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Native American Legislative Update

March 2019

By Lacina Tangnaqudo Onco , March 25, 2019


Welcome to FCNL's Native American Legislative Update! The NALU is a monthly newsletter about FCNL's Native American policy advocacy and ways for you to engage your members of Congress. FCNL's Congressional Advocate for Native American policy is Lacina Tangnaqudo Onco (Shinnecock/Kiowa).

Threat to Tribal Protections in Violence Against Women Act

On March 7, Reps. Karen Bass (CA-37) and Brian Fitzpatrick (PA-01) introduced H.R. 1585, a bill to reauthorize the Violence Against Women Act. Included in this bill were provisions that would strengthen the protections for Native women, children, and tribal officers.

The legislation expands tribal jurisdiction over non-Indians to include crimes of sexual assault, stalking, sex trafficking, assault of a tribal officer, and child abuse. These provisions will address the crisis of missing and murdered Indigenous women by improving responses to missing cases through better communication between tribal, state, local, and federal law enforcement. It will also improve data collection and tribal access to federal crime databases.

H.R. 1585 made it out of the House Judiciary Committee, but not without a serious threat to these tribal provisions. Rep. James Sensenbrenner (WI-05) introduced an amendment that would have entirely revoked tribal jurisdiction over non-Indians. This amendment would be a major setback in the progress made in protecting Native women. While the amendment did not pass, it shows that there is still a need for education on tribal jurisdiction and how important it is for public safety within Native American communities.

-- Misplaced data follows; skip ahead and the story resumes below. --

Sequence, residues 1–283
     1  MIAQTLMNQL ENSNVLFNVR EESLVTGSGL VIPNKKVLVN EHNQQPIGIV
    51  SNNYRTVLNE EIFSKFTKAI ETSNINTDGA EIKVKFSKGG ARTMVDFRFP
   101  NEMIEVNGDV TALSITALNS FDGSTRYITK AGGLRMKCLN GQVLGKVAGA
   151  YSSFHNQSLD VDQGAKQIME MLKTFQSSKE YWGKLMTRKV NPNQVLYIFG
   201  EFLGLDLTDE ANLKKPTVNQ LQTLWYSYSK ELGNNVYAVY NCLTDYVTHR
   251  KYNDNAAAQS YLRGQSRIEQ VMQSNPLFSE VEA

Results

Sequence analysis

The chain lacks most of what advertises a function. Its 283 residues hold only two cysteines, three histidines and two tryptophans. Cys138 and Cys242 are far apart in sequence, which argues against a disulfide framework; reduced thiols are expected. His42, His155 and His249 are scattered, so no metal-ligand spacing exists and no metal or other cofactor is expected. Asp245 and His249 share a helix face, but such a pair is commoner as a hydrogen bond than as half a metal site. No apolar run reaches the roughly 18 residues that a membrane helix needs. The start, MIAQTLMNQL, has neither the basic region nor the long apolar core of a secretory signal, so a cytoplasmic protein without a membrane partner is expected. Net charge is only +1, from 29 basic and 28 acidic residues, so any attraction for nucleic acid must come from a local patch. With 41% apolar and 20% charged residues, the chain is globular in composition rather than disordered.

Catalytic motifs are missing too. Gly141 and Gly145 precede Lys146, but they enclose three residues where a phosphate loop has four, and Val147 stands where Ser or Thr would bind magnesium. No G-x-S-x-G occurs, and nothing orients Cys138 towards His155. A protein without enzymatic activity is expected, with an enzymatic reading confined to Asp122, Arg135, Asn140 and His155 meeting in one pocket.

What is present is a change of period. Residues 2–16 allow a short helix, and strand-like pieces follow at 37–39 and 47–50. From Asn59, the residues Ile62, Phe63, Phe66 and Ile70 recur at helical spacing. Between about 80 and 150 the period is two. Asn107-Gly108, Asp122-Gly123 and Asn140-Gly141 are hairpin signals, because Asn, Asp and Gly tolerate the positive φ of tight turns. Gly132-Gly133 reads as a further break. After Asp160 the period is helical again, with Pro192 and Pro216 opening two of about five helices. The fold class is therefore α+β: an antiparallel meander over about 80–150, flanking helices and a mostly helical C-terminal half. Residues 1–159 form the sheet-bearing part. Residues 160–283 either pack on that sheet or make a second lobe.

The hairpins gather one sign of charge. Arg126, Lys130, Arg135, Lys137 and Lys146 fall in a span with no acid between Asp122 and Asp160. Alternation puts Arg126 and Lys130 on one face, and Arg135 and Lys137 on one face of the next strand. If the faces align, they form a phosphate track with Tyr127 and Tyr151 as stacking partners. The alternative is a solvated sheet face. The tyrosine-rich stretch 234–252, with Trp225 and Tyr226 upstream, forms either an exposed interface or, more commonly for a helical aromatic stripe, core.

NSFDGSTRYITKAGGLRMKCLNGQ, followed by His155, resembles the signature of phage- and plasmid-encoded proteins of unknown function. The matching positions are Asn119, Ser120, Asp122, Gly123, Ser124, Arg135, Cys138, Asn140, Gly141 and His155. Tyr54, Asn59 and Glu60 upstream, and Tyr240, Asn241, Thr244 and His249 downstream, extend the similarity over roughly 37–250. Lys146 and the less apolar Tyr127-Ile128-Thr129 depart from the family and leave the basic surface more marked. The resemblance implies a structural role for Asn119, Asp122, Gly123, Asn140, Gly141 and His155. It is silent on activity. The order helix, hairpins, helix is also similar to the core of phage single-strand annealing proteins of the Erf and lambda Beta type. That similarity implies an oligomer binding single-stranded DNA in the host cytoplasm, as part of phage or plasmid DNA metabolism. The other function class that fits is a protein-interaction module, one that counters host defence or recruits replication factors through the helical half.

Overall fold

The bill is now set for a full House vote the first week of April. Now is the time to act! Tell your representative to support keep Native communities safe by voting yes for H.R. 1585!

Haskell Indian Nations University Visit

On February 13, I spoke at the Haskell Indian Nations University in Lawrence, Kansas. I talked about FCNL’s Native American policy work, our current legislative priorities, and the various ways students can engage and build relationships with their representatives. This visit was part of FCNL's effort recruit the next fellow for the Congressional Advocate on Native American Policy program.

A Two-Year Professional Fellowship for Native Americans

FCNL is seeking candidates for a 27-month advocacy fellowship in Washington D.C. American Indian and Alaska Native tribal members are strongly encouraged to apply. Learn more and apply by June 1.

Bill Tracker

Reauthorization of the Violence Aganst Women Act:

Bipartisan bill, H.R. 1585 introduced in the House and scheduled for a full House vote the first week of April.

Savanna’s Act:

Provisions of Savanna’s Act were included in H.R. 1585.

What We're Reading:


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Lacina Tangnaqudo Onco

  • Congressional Advocate, Native American Advocacy Program

Lacina Tangnaqudo Onco managed the Native American Advocacy program from 2017-2019. In that capacity she lobbied on legislation that affects Native communities and built connections between tribes, tribal organizations, and non-Indian allies, particularly among a wide range of faith groups, to ensure tribal needs were addressed.